The feet are the foundation for our whole body and for our whole life! It is surprising that, nonetheless, most massage therapists do not know the muscles of the feet in detail! Every therapist needs a thorough knowledge of all the muscles of the feet and techniques to address them. This class will give you that knowledge and amplify your skills. When you take this Sunday class, on that Monday you will have a new understanding and more effective techniques for the feet. The benefits for your clients will be off the charts.
There are four layers of muscle and fascia on the bottoms of our feet and two layers on the top. These, plus the extrinsic muscles coming from the lower leg, give us stability, balance, power, momentum and the spring in our steps.
Here is just one example of a muscle that is important for you to know and work with. If you take your left leg up, place the ankle just above your knee and look at the bottom of your foot, there is one muscle that makes the shape of a “7“ deep in the sole of your foot, looking back at you!
When, about six million years ago, our ancestors descended from the trees, more and more distinctness began to grow between the structure and roles of the feet and hands. Hands retained and refined the actions of grasping that had been used in climbing. The feet took on more the role of support, thickened and lost some of their articulate grasping action.
In primate feet and hands there are a series of little muscles called the “contrahentes.” They insert onto digits I, II, IV and V and pull them down and together. “They facilitate convergence of the digits.” says Wikipedia. I love it – the harmonic convergence of the digits.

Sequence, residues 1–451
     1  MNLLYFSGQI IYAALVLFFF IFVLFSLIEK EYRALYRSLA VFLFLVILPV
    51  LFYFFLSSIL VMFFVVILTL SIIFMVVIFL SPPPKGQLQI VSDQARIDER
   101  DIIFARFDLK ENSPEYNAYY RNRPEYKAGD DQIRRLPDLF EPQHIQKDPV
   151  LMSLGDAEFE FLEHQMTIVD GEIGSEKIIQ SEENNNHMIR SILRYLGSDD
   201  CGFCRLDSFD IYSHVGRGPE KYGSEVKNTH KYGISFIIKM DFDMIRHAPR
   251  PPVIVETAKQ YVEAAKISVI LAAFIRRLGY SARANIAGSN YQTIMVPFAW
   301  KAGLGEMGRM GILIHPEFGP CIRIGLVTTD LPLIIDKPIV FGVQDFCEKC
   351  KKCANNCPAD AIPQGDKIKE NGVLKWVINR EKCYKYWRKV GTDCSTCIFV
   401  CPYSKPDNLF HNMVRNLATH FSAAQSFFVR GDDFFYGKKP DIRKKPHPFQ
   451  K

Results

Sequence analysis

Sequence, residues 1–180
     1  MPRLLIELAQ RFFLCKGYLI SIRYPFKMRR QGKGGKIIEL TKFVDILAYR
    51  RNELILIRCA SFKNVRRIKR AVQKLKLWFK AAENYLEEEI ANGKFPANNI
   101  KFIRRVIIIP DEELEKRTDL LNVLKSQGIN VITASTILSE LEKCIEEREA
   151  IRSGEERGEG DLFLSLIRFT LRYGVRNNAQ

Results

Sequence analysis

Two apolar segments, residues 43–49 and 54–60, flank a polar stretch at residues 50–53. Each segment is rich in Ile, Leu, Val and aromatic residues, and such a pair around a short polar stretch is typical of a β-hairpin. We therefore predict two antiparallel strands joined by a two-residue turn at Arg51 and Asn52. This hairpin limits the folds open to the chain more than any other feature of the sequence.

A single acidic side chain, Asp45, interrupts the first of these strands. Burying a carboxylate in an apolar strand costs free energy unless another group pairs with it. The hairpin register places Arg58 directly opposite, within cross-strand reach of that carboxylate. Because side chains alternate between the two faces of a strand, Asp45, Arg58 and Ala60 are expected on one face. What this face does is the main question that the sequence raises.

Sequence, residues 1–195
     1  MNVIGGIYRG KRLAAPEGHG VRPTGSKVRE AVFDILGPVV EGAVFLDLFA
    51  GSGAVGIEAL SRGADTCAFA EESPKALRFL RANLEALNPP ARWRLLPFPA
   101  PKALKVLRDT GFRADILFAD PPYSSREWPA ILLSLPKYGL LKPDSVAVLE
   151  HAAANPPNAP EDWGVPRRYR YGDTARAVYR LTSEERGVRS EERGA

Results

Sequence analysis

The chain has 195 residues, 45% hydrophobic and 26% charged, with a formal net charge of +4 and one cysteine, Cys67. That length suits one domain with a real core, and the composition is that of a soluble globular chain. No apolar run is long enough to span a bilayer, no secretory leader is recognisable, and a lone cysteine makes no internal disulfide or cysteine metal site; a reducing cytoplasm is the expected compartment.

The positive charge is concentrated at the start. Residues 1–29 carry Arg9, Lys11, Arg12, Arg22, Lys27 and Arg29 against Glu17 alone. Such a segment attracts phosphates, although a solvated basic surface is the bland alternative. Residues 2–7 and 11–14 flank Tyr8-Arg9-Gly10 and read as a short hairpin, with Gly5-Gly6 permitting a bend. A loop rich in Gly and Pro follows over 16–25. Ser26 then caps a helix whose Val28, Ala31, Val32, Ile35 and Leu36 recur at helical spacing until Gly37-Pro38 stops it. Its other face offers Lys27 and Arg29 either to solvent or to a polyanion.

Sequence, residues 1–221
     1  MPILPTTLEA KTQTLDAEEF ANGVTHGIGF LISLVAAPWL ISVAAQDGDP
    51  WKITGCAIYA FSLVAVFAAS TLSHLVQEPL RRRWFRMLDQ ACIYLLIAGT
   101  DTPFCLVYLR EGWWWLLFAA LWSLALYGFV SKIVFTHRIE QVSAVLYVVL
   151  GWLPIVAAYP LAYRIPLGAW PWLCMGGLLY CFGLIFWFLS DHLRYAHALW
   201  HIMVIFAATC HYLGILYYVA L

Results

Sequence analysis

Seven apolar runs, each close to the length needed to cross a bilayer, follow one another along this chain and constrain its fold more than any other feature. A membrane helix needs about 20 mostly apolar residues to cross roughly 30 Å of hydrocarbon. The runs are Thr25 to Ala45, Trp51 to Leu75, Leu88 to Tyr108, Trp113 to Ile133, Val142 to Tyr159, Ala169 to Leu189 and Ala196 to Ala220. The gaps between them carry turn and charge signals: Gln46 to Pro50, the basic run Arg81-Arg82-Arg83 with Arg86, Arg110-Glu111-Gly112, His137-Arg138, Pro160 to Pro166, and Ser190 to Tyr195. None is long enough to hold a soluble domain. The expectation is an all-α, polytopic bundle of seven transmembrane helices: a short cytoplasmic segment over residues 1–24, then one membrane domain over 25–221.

In humans, there is still an important and vestigial remnant of the contrahentes. This is the “adductor hallucis”. The adductor hallucis has two heads which come together to form the number “7” in your foot. One, the transverse head, arises from the plantar metatarso-phalangeal ligaments of toes 3, 4, and 5. The other head, the oblique head, occupies the hollow space under the 1st, 2nd, 3rd and 4th metatarsals. It arises from the bases of the second, third and fourth metatarsals and the tendon sheath of fibularis longus.
Both heads insert on the lateral side of the base of the first phalanx of the big toe Together these two heads cleverly simultaneously pull the toes down and together, much as you see especially in a baby’s inclination to grasp your finger with its foot.
The adductor hallucis is the only muscle that reminds us explicitly of the grasping role of the foot earlier in evolution. Even today, through the important function of the transverse arch, we grasp the ground more or less with each step. With the help of the bones’ shape, the ligaments’ tensile integrity, and, to a large extent as well, the adductor hallucis, we carry out our unconscious, articulate conversations with the earth shapes we encounter, especially when barefoot.
So when you are working with the foot, don’t forget to deeply explore and massage into the lucky number 7! Adductor hallucis unites you with your early animal ancestors – in a kind of harmonic convergence of species as well as digits, reminding us that we have in some respects not come all that far. And it enables you to have both a more grounded and more buoyant relationship to Mother Earth.
And maybe even a little nostalgia for life in the trees.
To learn more about the anatomy and bodywork of feet:
6 CE hours – Presented Online
The feet are the foundation for our whole body and for our whole life! It is surprising that, nonetheless, most massage therapists do not know the muscles of the feet in detail! Every therapist needs a thorough knowledge of the all the muscles of the feet and techniques to address them. This class will give you that knowledge. When you take the class on a Sunday, that Monday you will have a new and tremendously effective therapeutic protocol for the feet.